Montessori discipline Please help!! - Mothering Forums

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#1 of 3 Old 11-10-2010, 04:48 AM - Thread Starter
 
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My son recently started attending a brand new Montessori school. He is a spirited, stubborn 4 year old who loves to learn but can also be a challenge. My concern is with the way his school is handling his behavior which is basically by calling me to pick him up and now indicating to me that I need to pick him up early. In my opinion the things he is doing are not out of the ordinary for a 4 year old. For example, yesterday he would not clean up his lunch area. This has been a common problem. I went in to get him and told him to clean up so we could leave. The teacher stood over him, arms crossed pointing out each thing he had to do next. (There's a paper on the floor, cheerio over there, etc) Then after he cleaned his place mat she actually held it up to the light and pointed out a spot that was still wet that he needed to dry. I was mortified and could totally understand his rebellion at this point. 

All you teachers out there please give some feedback. When I indicated that I thought this was something they could handle they said that they could not make him listen and he needed to be still.  His other problems are running up and down the halls-some times he goes under the tables. He is not an angel by any means but he also works for long periods and is very smart. The whole tone struck me as very negative and not Montessori. My daughter completed 3 years and another school and is wonderful. DS spent one year at that school and we switched because his teacher left and I wanted him to be in extended day. Any advice would be appreciated. I don't want to get into an argument with the teachers but I am really concerned. Thanks in advance.

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#2 of 3 Old 11-10-2010, 04:53 AM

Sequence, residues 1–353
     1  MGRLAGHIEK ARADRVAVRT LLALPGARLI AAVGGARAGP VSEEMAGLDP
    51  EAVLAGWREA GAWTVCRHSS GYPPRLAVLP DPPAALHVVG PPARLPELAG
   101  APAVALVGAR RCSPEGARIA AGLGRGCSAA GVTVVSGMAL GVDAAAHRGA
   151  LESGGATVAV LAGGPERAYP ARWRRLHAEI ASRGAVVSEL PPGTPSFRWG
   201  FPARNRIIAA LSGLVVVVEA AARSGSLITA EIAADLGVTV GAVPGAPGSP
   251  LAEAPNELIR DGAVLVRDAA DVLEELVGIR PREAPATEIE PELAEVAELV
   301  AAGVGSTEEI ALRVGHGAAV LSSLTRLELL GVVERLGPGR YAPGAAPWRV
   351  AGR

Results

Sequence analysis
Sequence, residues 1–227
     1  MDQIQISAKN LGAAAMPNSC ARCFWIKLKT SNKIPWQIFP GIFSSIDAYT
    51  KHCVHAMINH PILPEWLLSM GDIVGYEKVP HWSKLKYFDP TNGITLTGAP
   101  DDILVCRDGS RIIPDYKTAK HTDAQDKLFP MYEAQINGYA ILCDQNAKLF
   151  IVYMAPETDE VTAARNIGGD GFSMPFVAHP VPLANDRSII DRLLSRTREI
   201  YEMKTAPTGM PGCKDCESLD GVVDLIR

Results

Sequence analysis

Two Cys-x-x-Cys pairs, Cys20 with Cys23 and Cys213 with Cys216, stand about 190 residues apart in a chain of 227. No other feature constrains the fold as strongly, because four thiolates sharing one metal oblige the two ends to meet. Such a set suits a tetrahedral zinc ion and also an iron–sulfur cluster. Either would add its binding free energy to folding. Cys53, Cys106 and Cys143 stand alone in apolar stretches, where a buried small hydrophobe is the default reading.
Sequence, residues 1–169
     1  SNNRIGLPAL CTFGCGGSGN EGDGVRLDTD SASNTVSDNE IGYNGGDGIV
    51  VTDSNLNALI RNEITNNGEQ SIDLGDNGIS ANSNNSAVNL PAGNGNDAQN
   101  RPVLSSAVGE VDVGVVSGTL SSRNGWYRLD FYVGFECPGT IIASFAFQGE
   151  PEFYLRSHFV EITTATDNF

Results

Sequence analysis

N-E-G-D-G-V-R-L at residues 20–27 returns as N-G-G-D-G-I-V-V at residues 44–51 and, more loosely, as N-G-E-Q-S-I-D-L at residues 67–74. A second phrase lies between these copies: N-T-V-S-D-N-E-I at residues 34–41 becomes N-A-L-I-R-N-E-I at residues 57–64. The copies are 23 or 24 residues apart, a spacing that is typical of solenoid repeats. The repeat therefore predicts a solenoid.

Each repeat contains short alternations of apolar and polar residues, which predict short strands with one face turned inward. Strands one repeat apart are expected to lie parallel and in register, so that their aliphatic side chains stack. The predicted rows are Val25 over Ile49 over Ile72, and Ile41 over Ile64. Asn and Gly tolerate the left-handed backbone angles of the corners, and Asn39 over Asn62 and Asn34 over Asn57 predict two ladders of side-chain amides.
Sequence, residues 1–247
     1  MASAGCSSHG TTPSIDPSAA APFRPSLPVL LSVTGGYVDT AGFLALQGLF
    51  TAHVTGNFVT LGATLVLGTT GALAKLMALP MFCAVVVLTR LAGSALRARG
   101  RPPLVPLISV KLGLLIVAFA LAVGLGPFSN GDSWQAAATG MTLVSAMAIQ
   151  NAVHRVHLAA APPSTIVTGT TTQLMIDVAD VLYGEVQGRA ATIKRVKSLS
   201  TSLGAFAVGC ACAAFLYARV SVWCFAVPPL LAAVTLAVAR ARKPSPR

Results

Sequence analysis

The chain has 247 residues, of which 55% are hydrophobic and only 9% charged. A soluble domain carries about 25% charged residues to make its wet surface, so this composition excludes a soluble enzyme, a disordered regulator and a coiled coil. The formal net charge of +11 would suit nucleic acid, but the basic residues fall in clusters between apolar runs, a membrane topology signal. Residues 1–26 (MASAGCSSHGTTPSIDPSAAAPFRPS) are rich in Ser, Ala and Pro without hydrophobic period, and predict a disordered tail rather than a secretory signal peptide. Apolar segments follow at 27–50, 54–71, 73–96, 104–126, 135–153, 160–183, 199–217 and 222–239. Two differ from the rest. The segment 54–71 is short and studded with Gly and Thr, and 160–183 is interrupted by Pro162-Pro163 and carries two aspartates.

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That definitely sounds like an issue with the school.  My DS goes to a Montessori school and has autism, with plenty of behavior problems.  In the 3 years he's gone, I've only had to pick him up once for behavior issues.  The rest of the time, they're able to handle it using a combination of natural consequences and having him write up a behavior management plan.  One example of natural consequences is if he hit a child, his teacher would have him go get an ice pack for a child, listen to the child talk about why it hurt to be hit, and then the teacher would say "it looks like you're having trouble respecting other people's bodies.  I will need you to stay close to me now so that I can make sure that you are acting in a safe way with the other children."  (They do that with the typical kids too.  Basically, if you hurt your friends, the natural consequence of that is that your friends don't feel safe around you and you need to take a break from playing with them.)  The behavior management plan is a plan that talks about what the child did, why the child did it (in his own words), and what that child needs to do so that it doesn't happen again.


~Brandon Michael (11/23/03), Jocelyn Lily Nữ (2/4/07, adopted 5/28/07 from Vietnam), Amelia Rylie (1/14/09), & Ryland Josef William (9/7/05-9/7/05 @ 41 wks). 
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#3 of 3 Old 11-10-2010, 05:41 AM
 
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Is there another teacher he could be with?  It sounds like this teacher has already created a power struggle that isn't likely to be resolved easily.  Her reaction sounds extremely un-Montessori.  My ds is also very spirited.  He can be impulsive and a handful, but I've only had to pick him up from school once - and that was really my call and more of a consequence for unsafe behavior, rather than a "I can't handle him" reason.  AllyRae had some good examples of more Montessori  discipline.

 

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